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Why Do I Write What I Write?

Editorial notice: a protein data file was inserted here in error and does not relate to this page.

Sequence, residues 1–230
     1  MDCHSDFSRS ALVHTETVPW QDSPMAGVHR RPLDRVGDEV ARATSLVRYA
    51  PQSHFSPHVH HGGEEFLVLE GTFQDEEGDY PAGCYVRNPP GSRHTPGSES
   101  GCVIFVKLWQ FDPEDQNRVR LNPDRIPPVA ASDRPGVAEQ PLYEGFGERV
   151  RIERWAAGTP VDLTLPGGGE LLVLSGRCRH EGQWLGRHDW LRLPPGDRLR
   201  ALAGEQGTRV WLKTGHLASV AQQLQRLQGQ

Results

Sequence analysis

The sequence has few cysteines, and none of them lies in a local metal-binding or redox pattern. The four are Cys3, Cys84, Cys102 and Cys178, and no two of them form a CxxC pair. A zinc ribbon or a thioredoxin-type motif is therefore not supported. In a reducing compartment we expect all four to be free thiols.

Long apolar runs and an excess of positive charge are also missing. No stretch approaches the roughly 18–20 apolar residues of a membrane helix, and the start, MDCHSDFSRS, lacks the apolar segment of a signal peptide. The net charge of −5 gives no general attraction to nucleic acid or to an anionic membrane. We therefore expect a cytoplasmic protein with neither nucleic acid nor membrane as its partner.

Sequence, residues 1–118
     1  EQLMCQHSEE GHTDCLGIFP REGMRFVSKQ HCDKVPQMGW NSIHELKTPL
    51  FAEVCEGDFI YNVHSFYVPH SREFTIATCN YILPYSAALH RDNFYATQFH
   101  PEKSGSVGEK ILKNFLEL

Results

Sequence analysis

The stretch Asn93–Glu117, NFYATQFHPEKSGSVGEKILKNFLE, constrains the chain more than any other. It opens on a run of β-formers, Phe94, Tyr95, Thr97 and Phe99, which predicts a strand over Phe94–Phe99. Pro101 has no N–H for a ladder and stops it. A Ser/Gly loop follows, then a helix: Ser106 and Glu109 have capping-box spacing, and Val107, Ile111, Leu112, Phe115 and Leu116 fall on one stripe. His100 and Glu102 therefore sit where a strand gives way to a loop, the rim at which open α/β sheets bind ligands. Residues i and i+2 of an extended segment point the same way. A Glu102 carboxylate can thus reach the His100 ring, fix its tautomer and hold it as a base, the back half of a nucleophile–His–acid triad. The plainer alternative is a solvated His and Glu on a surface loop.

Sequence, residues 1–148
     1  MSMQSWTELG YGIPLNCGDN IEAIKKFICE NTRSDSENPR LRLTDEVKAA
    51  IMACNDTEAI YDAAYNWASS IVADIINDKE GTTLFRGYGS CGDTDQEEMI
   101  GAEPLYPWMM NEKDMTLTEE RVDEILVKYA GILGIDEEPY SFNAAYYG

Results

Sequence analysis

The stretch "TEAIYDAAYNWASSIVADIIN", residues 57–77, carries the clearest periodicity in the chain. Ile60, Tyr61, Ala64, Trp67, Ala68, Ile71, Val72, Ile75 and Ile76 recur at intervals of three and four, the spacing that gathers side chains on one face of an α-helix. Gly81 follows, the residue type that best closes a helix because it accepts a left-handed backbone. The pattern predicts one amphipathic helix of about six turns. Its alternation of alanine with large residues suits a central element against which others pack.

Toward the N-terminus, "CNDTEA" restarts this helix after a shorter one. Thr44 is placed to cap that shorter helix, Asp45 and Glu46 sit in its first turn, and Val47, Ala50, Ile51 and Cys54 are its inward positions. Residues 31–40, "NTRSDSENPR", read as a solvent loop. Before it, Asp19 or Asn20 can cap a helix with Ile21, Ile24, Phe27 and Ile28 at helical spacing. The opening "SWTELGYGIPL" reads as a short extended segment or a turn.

The other day, our summer intern at New Covenant asked me why I write on the things on which I write. Since I've been asked this question on a recurrent basis in recent years, I thought it might be helpful to write about it! Having written articles, essays and blog posts for nearly a decade now, I have had sufficient time to reflect on the reasons for and the criterion by which I decide to write what I write. Here are four thoughts on why I write the things that I write: I. I Write to Become a Writer.  At the outset, it's extremely important for me to admit that I do not consider myself to be a good writer. In fact, I cringe when I go back and read some of the things that I wrote in the early days of my blogging--as I suspect that I will do when, in years to come, I read those things that I write at present. The truth of the matter is that I write what I write, in large part, to get better at writing. I started writing in order to learn how to write. I turned in a paper on John Calvin's use of Bernard of Clairvaux for a Reformation History course in seminary. Having put an enormous amount of time into uncovering every citation and reference in Calvin to this great Medieval experimentalist, I expected to see an 'A'--if not glowing praise for my diligent labors--at the top of the paper. Instead, there was a pronounced red 'C' on the top of the front page with the accompanying words: "Excellent breadth of research. Terrible grammar." This was the most discouraging event of my seminary education--and yet, it was the catylyst for my drive to learn how to write. I went to the professor who had rightly given me this grade and these remarks and asked, "If you could recommend one theologian who you believe is a good writer, who would it be?" Pausing for a moment, my professor said, "Well, let's see. Definitely not Van Til. You don't read Van Til to learn how to write!" He then paused again and said (in an emphatic tone), J.I. Packer. Read James Packer." I immediately bought J.I. Packer's Collected Shorter Writings (vol. 1, 2, 3 and 4) and began analyzing his grammar, sentence structure, citations and introduction of quotations. Blogging was a way in which I could try my hand at writing. I was an intern at Tenth Presbyterian Church in Philadelphia when I started blogging at Feeding on Christ. Phil Ryken--an extremely gifted theologian and writer--set a high standard for me as a young man pursuing Gospel ministry and a writing ministry. By immediately publishing things on a blog, I was forced to be more careful than I would have been if I was simply writing papers for a seminary professor. I realized that people might actually read what I wrote. This gave me a heightened sense of urgency for the editorial process. I had to become my own editor if I was going to put things online for anyone to read. II. I Write to Carry Myself Through Ministry. 90% of what I write are things that have to do with what I am currently preaching on in worship, discussing with friends, debating with others or dealing with in pastoral ministry. As one who externally processes, writing helps me gather my thoughts and consolidate them into organized and more refined systems of thinking. Some people can do this without externally processing their thoughts. I, on the other hand, need to be able to verbalize or read what I am thinking in order to analyze it more carefully. In turn, I believe that this has also helped my preaching. So much of what I have written finds its way into sermons. The digestion process and the whittling down of thoughts yields the two-fold benefit of being put into print and into sermons. There is also a personal counseling aspect to what I write. I am an impulsive individual by nature. I tend to make quick decisions and to respond before giving myself enough time to think through matters thoroughly. Writing gives me the opportunity to slow down and counsel myself from Scripture as well as more carefully think through things that I have read or conversations that I have had with others. Writing forces me to pause before saying or doing things in ministry. It has become one of the more helpful means of growing as a pastor--especially when I am facing extremely challenging or painful experiences in pastoral ministry. III. I Write What I Perceive Needs to be Written. I suspect that there is nothing on which something has not been written. As Solomon noted, "Of the making of many books there is no end." That being said, there are always subjects or issues that have not received a careful or satisfactory treatment. I try to limit the things that I write to subjects that have not received their fair share of attention. I seek to write on things that I cannot find ample treatment on in the annals of church history. I have a close friend in the Christian writing and publishing world who gave me sage advice in the early days of my writing articles and essays. He said, "Nick, you always have to ask yourself the following questions: 'Am I the most suited to write this? Does it need to be written? Is there someone who has already written on it?'" This has been guiding counsel for me over the years. There have been times that I have started writing something and then realized that I was out of my depth or that someone in the circles in which I move has already written on that particular subject that was far better than what I could have produced. This had the added benefit of keeping me from wasting time that I do not have to waste writing things that do not need to be written. In order to keep track of those things that I believe need to be written, I use the note app on my iPhone. I  log away in a note every subject of interest that arises in conversations that I have with other ministers or church members. As soon as I write on a particular subject, I update the list. This had helped me remember those subjects of interest. IV. I Write in Order to Edify Others. I seek to write on subjects that have a wide-reaching application to all Christians. There are so many subjects that are relevant to Christians and pastors at every stage of growth and development. There will never be enough written about Christ in all the Scriptures, Christian living, the life of the Church, the growth of the Church, the worship of God, spiritual warfare, etc. These are timeless themes that are immediately relevant to all Christians everywhere. I try to focus on these subjects more than others because they tend to have a transcendent value to them. While there is a need for current event analysis guided by a biblical worldview, I tend to think that those sort of posts have a short shelf life. As Kevin DeYoung recently wrote, "I’d rather write something that might still be helpful six months (or six days!) from now." I desire to write things that will edify or help other believers six months or six years from now. What I write may not be useful six years from now, but I try to make that a guiding test of much of what I write. Writing to edify others in the body of Christ should be one of the chief goals of all Christian writing. These are just a few of the thoughts that I have on why I write what I write. I am the first to admit that I am by no means a model writer. I am simply a Christian and a pastor seeking to use whatever gifts the Lord may have given me to help guide myself and others through the Christian life and pastoral ministry.